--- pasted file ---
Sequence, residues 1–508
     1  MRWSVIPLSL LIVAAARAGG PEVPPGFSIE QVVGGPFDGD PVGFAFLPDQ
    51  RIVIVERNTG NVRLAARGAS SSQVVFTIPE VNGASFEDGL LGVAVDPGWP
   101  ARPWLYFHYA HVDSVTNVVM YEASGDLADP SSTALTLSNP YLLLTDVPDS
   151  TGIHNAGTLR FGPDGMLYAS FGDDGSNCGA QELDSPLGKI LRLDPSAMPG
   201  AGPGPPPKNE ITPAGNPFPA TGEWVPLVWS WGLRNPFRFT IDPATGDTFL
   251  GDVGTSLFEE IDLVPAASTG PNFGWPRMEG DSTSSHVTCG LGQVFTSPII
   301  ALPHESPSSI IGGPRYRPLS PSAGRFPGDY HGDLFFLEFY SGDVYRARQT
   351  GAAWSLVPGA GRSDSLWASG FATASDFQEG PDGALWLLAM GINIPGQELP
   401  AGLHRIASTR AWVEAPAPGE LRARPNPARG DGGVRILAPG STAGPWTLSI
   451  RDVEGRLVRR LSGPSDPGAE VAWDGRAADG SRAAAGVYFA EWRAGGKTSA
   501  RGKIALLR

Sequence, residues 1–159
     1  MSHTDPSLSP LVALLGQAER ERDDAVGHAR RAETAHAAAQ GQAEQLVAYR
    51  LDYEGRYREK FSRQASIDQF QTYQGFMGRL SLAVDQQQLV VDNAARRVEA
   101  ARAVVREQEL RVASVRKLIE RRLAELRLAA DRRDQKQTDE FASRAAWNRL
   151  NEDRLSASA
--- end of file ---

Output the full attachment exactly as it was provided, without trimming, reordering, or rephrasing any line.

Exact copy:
Sequence, residues 1–508
     1  MRWSVIPLSL LIVAAARAGG PEVPPGFSIE QVVGGPFDGD PVGFAFLPDQ
    51  RIVIVERNTG NVRLAARGAS SSQVVFTIPE VNGASFEDGL LGVAVDPGWP
   101  ARPWLYFHYA HVDSVTNVVM YEASGDLADP SSTALTLSNP YLLLTDVPDS
   151  TGIHNAGTLR FGPDGMLYAS FGDDGSNCGA QELDSPLGKI LRLDPSAMPG
   201  AGPGPPPKNE ITPAGNPFPA TGEWVPLVWS WGLRNPFRFT IDPATGDTFL
   251  GDVGTSLFEE IDLVPAASTG PNFGWPRMEG DSTSSHVTCG LGQVFTSPII
   301  ALPHESPSSI IGGPRYRPLS PSAGRFPGDY HGDLFFLEFY SGDVYRARQT
   351  GAAWSLVPGA GRSDSLWASG FATASDFQEG PDGALWLLAM GINIPGQELP
   401  AGLHRIASTR AWVEAPAPGE LRARPNPARG DGGVRILAPG STAGPWTLSI
   451  RDVEGRLVRR LSGPSDPGAE VAWDGRAADG SRAAAGVYFA EWRAGGKTSA
   501  RGKIALLR

Sequence, residues 1–159
     1  MSHTDPSLSP LVALLGQAER ERDDAVGHAR RAETAHAAAQ GQAEQLVAYR
    51  LDYEGRYREK FSRQASIDQF QTYQGFMGRL SLAVDQQQLV VDNAARRVEA
   101  ARAVVREQEL RVASVRKLIE RRLAELRLAA DRRDQKQTDE FASRAAWNRL
   151  NEDRLSASA